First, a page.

A Guide to the Stages of Breast Cancer

Breast cancer is a disease in which the breast cells grow uncontrollably. There are different types of breast cancer based on the breast cells that turn malignant. Breasts are made of three main parts—connective tissues, ducts, and lobules. Lobules are the mammary glands that produce milk, and the connective tissue is made of fibrous and fatty tissues that hold the breast together. Most forms of breast cancer begin at the lobules and ducts.

Breast cancer is said to have metastasized if it spreads to other parts of the body through the lymph vessels and lobules. The symptoms of breast cancer are based on its stages, and the signs of metastatic breast cancer signs are visible in stage IV.

Stage-based symptoms of breast cancer

Stage 0
In this stage, there is no indication of the tumor spreading to other parts of the breast or other parts of the body. This stage of cancer is non-invasive and is considered to be a precancerous condition that requires close observation but no treatment. Unlike the signs of metastatic breast cancer, breast cancer in stage 0 is difficult to detect as there are no major physical changes visible. Self-examination and routine screening can lead to an early diagnosis. One of the less worrying factors about stage 0 breast cancer is that the disease is treatable at this stage.

Stage I
It is the earliest stage of invasive breast cancer. The tumor in stage I breast cancer measures up to 2 centimeters. The malignancy (cancer) has not yet spread to the lymph nodes, but the cancerous cells have spread beyond the original location to the surrounding breast tissue. In stage I, the tumor is small and hard to detect. There are two substages of stage I based on the size of the tumors:

  • Stage IA: This stage is characterized by a tumor that measures approximately 2 centimeters (about the size of shelled peanut or pea) but has not spread outside the breast.
  • Stage IB: A person suffering from this stage of cancer may have small clusters of cancer cells, not more than 2mm in size, in the lymph nodes.

According to studies, the survival rate for Stage IA breast cancer might be slightly higher than Stage IB.

Stage II
This type of cancer is also referred to as invasive breast cancer. The size of the tumor in stage II measures between 2-5cm, and there are chances that cancer has spread to the lymph nodes under the arms on the same side of the original location of cancer. This stage is a slightly more advanced form of the disease and indicates that cancer cells have spread beyond the original location and into the surrounding breast tissue. Stage II tumors can be easily detected through self-examination as a person might feel a hard lump in the breast. It is important to screen such tumors as it can lead to an early diagnosis. Stage II is further divided into two subcategories:

  • Stage IIA: The tumor in stage IIA breast cancer is 2-5cm in size, and cancer may or may not have spread to the axillary lymph nodes.
  • Stage IIB: The tumor in this stage is larger than 5cm, and the malignancy may or may not have spread to the axillary lymph nodes.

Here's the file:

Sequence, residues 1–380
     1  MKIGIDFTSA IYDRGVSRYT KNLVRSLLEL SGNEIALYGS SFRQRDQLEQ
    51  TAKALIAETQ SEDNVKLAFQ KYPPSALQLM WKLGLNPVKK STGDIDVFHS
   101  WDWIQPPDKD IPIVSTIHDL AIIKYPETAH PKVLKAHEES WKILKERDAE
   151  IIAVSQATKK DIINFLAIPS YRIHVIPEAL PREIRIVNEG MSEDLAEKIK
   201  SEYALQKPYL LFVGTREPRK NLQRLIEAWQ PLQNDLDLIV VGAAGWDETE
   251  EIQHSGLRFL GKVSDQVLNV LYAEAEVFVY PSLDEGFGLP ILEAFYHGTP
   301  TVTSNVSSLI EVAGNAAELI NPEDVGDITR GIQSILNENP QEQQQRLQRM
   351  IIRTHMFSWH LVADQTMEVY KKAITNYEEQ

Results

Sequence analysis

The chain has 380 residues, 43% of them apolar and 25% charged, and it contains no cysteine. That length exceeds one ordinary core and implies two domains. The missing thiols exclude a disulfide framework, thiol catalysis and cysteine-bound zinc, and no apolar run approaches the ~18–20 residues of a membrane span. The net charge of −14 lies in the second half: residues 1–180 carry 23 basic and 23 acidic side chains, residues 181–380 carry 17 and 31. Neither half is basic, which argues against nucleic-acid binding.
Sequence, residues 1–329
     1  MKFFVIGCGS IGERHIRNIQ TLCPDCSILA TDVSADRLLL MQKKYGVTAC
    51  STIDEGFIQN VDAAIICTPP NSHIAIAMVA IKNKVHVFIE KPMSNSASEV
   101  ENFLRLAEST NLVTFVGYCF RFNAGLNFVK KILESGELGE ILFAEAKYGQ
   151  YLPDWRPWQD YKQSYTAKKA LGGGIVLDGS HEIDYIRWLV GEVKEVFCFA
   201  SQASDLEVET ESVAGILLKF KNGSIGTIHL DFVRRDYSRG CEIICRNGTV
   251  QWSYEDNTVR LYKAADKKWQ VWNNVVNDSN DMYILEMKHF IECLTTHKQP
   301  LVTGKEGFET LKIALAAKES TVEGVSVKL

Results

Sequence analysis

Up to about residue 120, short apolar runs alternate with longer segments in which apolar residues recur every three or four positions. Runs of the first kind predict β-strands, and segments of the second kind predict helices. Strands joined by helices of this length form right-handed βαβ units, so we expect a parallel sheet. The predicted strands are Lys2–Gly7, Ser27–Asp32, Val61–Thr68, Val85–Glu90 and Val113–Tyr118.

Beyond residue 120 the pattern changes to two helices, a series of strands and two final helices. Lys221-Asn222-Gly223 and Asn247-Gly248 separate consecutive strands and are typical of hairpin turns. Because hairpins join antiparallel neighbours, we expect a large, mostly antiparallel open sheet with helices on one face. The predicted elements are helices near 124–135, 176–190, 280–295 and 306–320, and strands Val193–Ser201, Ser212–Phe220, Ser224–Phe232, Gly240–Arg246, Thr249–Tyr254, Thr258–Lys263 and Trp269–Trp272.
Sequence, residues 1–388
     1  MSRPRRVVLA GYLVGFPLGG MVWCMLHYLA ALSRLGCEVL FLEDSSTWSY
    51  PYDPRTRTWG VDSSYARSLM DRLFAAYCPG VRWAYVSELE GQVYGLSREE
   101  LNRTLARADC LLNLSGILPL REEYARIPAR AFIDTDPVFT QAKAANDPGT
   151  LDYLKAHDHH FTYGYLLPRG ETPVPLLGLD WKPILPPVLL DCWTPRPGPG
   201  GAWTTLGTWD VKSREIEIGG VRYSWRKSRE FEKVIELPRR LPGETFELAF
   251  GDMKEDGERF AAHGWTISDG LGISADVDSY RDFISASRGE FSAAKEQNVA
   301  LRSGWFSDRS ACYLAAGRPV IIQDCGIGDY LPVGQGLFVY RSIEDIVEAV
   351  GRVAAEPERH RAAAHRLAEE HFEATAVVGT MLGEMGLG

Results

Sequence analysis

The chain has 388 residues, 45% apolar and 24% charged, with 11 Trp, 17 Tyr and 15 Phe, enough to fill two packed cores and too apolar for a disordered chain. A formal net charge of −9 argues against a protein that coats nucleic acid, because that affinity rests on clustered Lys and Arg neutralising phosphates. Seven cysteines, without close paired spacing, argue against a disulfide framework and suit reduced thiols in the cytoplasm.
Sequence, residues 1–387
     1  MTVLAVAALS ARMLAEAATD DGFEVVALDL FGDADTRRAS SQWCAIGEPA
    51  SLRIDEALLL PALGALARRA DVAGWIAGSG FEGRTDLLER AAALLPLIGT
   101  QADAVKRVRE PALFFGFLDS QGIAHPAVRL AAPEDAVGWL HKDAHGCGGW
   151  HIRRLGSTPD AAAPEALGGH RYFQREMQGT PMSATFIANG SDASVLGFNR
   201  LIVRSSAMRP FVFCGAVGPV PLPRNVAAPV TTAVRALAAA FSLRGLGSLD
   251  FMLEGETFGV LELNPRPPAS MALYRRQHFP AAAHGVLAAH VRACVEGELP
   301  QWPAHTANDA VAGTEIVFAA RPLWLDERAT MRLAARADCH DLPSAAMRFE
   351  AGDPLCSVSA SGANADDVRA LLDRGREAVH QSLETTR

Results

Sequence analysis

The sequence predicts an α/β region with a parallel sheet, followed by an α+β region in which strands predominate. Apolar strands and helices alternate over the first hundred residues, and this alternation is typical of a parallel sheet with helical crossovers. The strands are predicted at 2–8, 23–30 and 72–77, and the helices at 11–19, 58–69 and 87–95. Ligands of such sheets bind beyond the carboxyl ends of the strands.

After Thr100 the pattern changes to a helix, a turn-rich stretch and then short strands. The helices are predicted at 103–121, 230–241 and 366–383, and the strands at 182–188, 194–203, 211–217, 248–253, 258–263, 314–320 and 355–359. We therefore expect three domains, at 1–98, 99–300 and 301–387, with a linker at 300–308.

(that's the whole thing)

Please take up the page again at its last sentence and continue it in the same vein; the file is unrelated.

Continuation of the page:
Stage III
This stage is also called locally advanced breast cancer. It is characterized by a tumor that is more than two inches in diameter. Stage III breast cancer can be termed as extensive as it has spread to the lymph nodes or other tissues near the breast. But in this stage, breast cancer has not yet spread or metastasized to different parts of the body. Stage III breast cancer is divided into three substages:

  • Stage IIIA: In this substage, cancer may be found in axillary lymph nodes and not in the breast or vice versa. The tumor’s size can vary from 2-5cm in size, and it may be attached to other structures or may have spread to the lymph nodes near the breastbone.
  • Stage IIIB: The stage is characterized by the spread of the cancerous tumor to the chest wall and the skin of the breast. Cancer that has spread to the skin of the breast is referred to as inflammatory breast cancer.
  • Stage IIIC: The cancer cells or tumors in this stage may not be present in the breast but have spread to the chest wall or the skin of the breast. It might also be present in the lymph nodes and collarbone.

Stage IV
This stage is also referred to as metastatic breast cancer, and in this stage, the signs of malignancy can be seen in the internal mammary lymph nodes and distant parts of the body. The affected areas include bones, brains, lungs, and liver. The doctors may use the TNM system to describe the extent of metastatic breast cancer based on the signs. Here is a brief explanation of the TNM system:

  • T: Cancer will be classified based on the size and extent of the primary tumor.
  • N1: It indicates that cancer has spread to the lymph nodes.
  • M1: It indicates that cancer has spread to other sites in the body.

The signs of metastasized breast cancer include pitted skin, flattening of nipples, and redness and swelling of the breast. When breast cancer moves to the other areas of the body, it leads to symptoms like weakness or numbness, consistent dry cough, chest pain, loss of appetite, seizures, loss of balance, vision problems, bloating, diarrhea, jaundice, and other organ-specific diseases.

Recurrent breast cancer
This type of breast cancer occurs when the disease returns after the initial treatment. Most recurrences appear within two to three years of treatment. There are many cases in which a patient experiences signs of metastatic breast cancer within the first five years of treatment. So, it is necessary to keep a close watch on any irregular symptoms and consult an oncologist to avoid delay in treatment.

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